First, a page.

Trump doorman 'unstable,' 'infamous for making up stories,' ex-wife says

Posted April 13, 2018

Sajudin got $30,000 in exchange for signing over the rights, "in perpetuity", to a rumor he'd heard about Trump's sex life - that the president had fathered an illegitimate child with an employee at Trump World Tower, a skyscraper he owns near the United Nations.

The National Enquirer never ran the story, effectively keeping the rumor quiet.

According to several of Farrow's anonymous sources, A.M.I. appears to have worked hand in hand with Trump's lawyer Michael Cohen, who was the subject of an F.B.I. raid earlier this week-a raid that was reportedly an attempt to discern whether Trump and Cohen misused campaign funds to pay off a series of people with stories to tell about the then-presidential hopeful.

"He's infamous for making up stories", Nikki Benfatto said of Mr. Sajudin.

The Enquirer maintains it didn't report the doorman's story because it "lacked any credibility".

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"When we realized we would be unable to publish, and other media outlets approached the source about his tale, we released Sajudin from the exclusivity clause that had accompanied his $30,000 payment, freeing him to tell his story to whomever he wanted", Howard told Radar.

It is of course possible that Trump knew nothing - even in the abstract - of this pattern of payments.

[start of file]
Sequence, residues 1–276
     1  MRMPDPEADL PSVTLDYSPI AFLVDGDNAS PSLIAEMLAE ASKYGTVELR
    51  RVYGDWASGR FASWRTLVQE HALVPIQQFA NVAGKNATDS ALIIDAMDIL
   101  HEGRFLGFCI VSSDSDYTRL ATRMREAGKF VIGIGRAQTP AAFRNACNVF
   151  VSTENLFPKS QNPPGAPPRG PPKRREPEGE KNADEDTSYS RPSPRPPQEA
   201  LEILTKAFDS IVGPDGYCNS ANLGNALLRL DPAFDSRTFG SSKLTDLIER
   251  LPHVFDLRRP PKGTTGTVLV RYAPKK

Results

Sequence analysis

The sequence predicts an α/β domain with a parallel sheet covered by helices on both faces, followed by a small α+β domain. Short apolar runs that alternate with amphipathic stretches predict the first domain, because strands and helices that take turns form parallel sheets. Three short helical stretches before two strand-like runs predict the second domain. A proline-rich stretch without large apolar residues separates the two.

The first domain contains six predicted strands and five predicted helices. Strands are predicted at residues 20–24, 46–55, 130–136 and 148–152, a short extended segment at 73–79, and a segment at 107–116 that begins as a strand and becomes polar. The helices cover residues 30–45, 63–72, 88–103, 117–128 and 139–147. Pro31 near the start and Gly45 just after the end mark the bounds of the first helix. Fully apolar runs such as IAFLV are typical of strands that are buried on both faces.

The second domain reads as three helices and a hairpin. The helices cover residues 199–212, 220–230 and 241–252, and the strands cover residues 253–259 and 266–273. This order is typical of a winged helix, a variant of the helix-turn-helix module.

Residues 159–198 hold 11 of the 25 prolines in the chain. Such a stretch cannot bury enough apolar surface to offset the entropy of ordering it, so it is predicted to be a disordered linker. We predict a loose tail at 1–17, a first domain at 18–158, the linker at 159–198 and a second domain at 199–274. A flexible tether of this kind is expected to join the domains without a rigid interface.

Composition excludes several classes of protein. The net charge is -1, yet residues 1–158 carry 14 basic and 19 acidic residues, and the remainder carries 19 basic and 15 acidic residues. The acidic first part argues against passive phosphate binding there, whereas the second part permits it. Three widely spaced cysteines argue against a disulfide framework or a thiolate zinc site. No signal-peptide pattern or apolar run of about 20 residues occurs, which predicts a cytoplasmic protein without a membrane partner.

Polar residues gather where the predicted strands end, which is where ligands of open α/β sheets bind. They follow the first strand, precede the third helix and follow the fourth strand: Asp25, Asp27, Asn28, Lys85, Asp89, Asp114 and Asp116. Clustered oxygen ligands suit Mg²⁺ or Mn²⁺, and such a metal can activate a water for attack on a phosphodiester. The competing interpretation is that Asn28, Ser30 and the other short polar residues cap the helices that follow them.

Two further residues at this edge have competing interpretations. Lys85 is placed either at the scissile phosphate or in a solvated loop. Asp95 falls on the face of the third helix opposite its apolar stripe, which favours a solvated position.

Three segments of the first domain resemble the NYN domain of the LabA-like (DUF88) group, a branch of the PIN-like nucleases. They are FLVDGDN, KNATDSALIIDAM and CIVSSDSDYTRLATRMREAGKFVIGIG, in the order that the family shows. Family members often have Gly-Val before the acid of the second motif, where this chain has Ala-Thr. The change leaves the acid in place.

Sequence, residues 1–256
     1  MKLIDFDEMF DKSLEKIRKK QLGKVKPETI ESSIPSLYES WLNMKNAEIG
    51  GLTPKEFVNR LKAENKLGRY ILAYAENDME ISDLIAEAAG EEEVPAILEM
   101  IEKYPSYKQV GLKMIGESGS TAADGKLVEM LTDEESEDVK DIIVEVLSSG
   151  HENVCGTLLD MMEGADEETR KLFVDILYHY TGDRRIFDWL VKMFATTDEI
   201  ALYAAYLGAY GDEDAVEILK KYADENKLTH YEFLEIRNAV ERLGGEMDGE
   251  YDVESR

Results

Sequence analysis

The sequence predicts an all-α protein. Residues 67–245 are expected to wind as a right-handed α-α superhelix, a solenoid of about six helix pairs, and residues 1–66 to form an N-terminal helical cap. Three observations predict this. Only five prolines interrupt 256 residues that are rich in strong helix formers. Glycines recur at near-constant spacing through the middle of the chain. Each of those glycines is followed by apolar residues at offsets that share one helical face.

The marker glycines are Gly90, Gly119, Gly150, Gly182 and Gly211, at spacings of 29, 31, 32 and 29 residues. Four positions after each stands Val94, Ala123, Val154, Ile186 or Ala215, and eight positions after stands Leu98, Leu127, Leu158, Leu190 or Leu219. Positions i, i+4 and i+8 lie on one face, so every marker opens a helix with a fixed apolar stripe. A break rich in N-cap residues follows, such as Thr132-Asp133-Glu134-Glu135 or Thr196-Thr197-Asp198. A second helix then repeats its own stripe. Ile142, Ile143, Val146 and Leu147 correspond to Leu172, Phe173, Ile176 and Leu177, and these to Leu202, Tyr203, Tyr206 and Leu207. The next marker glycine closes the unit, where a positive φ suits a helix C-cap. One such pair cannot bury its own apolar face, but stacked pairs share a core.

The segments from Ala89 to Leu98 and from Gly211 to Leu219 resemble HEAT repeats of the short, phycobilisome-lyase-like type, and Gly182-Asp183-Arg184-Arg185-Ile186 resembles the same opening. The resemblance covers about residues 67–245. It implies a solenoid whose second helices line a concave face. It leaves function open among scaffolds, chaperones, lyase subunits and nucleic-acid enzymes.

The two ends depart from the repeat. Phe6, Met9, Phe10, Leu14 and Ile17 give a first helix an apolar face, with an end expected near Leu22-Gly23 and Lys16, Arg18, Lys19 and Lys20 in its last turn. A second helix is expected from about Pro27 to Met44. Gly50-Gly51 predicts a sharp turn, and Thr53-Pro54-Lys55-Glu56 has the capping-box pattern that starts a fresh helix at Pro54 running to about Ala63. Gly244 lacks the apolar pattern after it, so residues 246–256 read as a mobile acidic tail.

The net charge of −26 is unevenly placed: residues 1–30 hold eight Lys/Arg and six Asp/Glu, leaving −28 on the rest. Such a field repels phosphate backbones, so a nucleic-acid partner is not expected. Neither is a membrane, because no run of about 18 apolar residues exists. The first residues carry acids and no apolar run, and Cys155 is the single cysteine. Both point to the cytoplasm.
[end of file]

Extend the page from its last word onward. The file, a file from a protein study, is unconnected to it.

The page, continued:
During AP's reporting, AMI threatened legal action over reporters' efforts to interview current and former employees and hired the NY law firm Boies Schiller Flexner, which challenged the accuracy of the AP's reporting.

It turns out that President Trump's attorney Michael Cohen wasn't the only person apparently doling out hush money to keep embarrassing stories about his client out of the press. "Unfortunately. Dino Sajudin is one fish that swam away", Howard told RadarOnline.

"I don't understand what they had to pay this guy for", he said.

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The tabloid made its first-ever endorsement by officially backing Trump for president.

The purchase appears to be the same kind of "catch and kill" practice that AMI is believed to have practiced when the media company paid former Playboy model Karen McDougal $150,000 for her account of an alleged 10-month affair with Trump beginning in 2006, only to shelve the story ahead of the 2016 election.

"The behavior is so extreme and so weird", she said.

Sajudin's deal included a $1 million fine for speaking out. A spokesperson for the Trump Organization denied the allegations, including the assertion that Calamari told Sajudin the story. The media company later said it paid McDougal for a series of "fitness columns and magazine covers".

"If your intent is to get a story from the source, there's no upside to paying upfront", said George, who sometimes handled catch-and-kill contracts.

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The FBI on Monday, acting on a referral from Special Counsel Robert Mueller, raided Cohen's hotel room, office, and NY residence in search of documents related to both Daniels' and McDougal's payments. After a promise of $500, Sajudin took the polygraph test, and the administrator revealed that all his responses were truthful. Pressed for more details about his tip and experience with the paper, Sajudin said he would talk only in exchange for payment.